But China's well-known position is that settlement of the disputes should be negotiated by "sovereign states directly concerned" as stipulated in the 2002 Asean-China agreed Declaration of Conduct of Parties in the South China Sea, and that non-regional parties should not be involved.

Nevertheless, Mr Russel said in his address to the conference: "I don't know anyone in the region who believes that a negotiated settlement between China and other claimants is attainable in the current atmosphere... And then there is the absolutist political position taken by some claimants who insist that their own claims are 'indisputable' and represent territory - however distant from their shores - that was 'entrusted to them by ancestors' and who vow never to relinquish 'one inch'."

This paraphrases several recent statements by China's Foreign Minister Wang Yi , including that (if China lost the Nansha), it "would not be able to face (its) forefathers and ancestors".

Mr Russel's remarks probably do not sound "neutral" to China ; indeed they may convey bias and ridicule.

China may think that Mr Russel's statement implies that China should participate in the proceedings regarding the Philippines' complaint against it. But as the US and China well know, China's refusal to participate in the case is within its rights and certainly not the first time a powerful country has refused to participate in an international court proceeding.

In 1984, Nicaragua filed a complaint against the US with the International Court of Justice (ICJ). The US refused to participate in the proceedings after the court rejected its argument that the ICJ lacked jurisdiction. The ICJ later held that the US had violated international law by supporting the Contras in their rebellion against the Nicaraguan government. The US blocked enforcement of the judgment by the UN Security Council, and thereby prevented Nicaragua from obtaining any compensation.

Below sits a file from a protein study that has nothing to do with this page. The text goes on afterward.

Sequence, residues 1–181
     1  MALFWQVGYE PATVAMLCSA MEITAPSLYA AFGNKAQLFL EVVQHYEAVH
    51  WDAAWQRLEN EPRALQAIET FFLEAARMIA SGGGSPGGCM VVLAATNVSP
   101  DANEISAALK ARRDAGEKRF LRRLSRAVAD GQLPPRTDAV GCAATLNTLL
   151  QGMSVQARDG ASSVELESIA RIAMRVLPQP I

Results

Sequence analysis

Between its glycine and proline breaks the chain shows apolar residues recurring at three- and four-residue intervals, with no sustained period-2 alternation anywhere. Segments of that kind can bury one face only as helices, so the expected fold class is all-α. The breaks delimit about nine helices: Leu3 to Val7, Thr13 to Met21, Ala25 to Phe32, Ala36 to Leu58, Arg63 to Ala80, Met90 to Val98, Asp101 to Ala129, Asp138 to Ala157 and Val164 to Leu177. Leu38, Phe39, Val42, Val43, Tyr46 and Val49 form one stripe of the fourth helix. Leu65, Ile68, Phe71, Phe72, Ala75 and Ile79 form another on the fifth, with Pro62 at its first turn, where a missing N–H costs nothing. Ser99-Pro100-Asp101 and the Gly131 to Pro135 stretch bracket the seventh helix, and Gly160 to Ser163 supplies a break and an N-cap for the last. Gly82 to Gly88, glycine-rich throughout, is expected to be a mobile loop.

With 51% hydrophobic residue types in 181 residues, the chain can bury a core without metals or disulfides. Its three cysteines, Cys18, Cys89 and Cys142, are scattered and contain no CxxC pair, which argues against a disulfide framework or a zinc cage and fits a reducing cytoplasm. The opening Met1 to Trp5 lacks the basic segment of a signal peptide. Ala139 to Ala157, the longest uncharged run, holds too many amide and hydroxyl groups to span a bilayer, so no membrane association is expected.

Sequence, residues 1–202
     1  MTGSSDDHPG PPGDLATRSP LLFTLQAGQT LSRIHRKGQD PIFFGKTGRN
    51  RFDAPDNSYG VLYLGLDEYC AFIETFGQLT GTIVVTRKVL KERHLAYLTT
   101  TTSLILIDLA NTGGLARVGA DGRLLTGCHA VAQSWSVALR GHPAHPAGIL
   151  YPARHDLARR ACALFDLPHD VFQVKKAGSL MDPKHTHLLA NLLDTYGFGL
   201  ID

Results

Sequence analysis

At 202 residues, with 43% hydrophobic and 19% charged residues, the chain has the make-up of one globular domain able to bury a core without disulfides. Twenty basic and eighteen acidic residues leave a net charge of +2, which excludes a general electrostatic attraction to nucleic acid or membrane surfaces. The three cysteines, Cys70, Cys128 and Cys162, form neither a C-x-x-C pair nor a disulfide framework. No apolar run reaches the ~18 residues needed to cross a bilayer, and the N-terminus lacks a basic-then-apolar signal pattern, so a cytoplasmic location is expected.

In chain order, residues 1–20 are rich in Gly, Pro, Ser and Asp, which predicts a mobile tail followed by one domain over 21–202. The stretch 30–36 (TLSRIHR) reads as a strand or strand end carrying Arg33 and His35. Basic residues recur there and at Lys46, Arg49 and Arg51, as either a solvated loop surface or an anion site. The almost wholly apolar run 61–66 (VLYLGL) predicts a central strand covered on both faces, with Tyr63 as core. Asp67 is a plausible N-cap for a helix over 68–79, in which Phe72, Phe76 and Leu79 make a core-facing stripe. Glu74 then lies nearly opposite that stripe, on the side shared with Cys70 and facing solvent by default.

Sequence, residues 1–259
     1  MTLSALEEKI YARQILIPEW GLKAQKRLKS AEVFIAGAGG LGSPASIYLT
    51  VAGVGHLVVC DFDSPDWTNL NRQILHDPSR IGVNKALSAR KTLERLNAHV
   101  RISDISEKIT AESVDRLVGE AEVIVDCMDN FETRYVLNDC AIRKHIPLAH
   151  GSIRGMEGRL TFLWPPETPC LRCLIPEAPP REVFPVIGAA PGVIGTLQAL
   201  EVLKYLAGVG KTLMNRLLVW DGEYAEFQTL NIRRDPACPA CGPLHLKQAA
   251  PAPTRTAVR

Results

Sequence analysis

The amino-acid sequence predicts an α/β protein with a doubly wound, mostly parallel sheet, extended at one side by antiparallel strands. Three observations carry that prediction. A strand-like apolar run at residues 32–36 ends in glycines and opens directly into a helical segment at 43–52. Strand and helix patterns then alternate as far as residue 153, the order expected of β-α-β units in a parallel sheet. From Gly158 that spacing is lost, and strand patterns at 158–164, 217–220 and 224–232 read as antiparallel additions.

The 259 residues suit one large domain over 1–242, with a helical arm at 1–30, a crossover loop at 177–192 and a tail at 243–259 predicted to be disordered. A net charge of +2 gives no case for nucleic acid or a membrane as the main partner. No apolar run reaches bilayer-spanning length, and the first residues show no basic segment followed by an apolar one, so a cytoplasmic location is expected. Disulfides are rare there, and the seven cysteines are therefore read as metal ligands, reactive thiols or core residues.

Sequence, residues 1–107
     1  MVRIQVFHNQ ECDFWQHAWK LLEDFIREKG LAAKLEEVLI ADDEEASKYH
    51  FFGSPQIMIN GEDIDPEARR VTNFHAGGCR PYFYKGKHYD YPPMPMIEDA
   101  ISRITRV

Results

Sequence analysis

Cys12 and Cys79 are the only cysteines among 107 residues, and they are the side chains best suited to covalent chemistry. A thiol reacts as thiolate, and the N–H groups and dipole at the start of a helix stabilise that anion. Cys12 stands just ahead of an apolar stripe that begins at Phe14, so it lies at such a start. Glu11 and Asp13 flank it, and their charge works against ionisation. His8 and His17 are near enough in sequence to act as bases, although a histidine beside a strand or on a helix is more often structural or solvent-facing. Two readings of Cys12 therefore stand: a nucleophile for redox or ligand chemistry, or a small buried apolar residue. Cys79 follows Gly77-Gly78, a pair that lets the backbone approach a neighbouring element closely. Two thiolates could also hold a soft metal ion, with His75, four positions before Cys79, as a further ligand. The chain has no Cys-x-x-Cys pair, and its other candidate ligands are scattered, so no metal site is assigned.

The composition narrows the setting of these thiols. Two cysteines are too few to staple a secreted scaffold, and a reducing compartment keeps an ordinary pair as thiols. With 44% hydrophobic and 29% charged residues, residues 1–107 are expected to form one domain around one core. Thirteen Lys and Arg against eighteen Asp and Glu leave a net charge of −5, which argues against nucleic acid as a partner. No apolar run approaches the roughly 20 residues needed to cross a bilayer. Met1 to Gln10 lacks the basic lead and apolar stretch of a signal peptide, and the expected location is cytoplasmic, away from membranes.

China will also probably consider Mr Russel's claim of US neutrality in the context of the recent blistering US criticism of China's construction and so-called "militarisation" of features in the South China Sea and its silence regarding similar actions by other claimants.

Not helpful in this regard was soon-to-be Chief of Naval Operations John M. Richardson's remark to the US Senate Armed Services Committee that "many of the things they're (China) doing have an adversarial nature to them". This was followed by the Commander in Chief, Pacific Command, Admiral Harry Harris, repeating Deputy Secretary of State Tony Blinken's comparison of "what China is doing with those islands to what Russia did with Crimea".

In sum, China is likely to consider US claims of neutrality in these matters to be disingenuous and duplicitous - and it is rather easy to see why. The US needs to be consistent and stop hectoring China into a political corner. Otherwise, it may not like the result. Indeed, China may conclude that the US considers it an adversary, and plan and act accordingly.

The writer is adjunct senior scholar at the National Institute for South China Sea Studies in Haikou, China.